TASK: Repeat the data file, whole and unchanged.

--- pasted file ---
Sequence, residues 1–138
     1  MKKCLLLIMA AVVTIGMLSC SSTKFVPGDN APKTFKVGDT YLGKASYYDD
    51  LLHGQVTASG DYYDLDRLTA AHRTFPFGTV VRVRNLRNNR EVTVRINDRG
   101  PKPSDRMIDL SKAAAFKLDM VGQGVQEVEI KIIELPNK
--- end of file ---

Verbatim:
Sequence, residues 1–138
     1  MKKCLLLIMA AVVTIGMLSC SSTKFVPGDN APKTFKVGDT YLGKASYYDD
    51  LLHGQVTASG DYYDLDRLTA AHRTFPFGTV VRVRNLRNNR EVTVRINDRG
   101  PKPSDRMIDL SKAAAFKLDM VGQGVQEVEI KIIELPNK